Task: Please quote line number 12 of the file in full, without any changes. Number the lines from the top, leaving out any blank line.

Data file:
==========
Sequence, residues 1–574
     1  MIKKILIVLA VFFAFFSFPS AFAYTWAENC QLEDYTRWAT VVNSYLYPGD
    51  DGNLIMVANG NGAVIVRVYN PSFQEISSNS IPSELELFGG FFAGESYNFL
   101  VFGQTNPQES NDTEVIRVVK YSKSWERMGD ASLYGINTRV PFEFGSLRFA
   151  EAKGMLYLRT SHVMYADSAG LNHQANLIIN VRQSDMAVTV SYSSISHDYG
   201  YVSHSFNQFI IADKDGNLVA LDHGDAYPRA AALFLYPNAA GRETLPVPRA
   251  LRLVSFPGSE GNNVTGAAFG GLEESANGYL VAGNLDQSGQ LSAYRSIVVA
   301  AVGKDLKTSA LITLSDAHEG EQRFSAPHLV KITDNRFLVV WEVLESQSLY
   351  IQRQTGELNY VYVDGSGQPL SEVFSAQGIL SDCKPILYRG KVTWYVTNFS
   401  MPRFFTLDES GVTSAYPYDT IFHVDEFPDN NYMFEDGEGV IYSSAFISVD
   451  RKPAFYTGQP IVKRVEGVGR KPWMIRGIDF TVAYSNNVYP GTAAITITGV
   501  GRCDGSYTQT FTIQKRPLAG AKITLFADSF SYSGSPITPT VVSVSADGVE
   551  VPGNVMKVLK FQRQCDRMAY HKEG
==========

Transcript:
   501  GRCDGSYTQT FTIQKRPLAG AKITLFADSF SYSGSPITPT VVSVSADGVE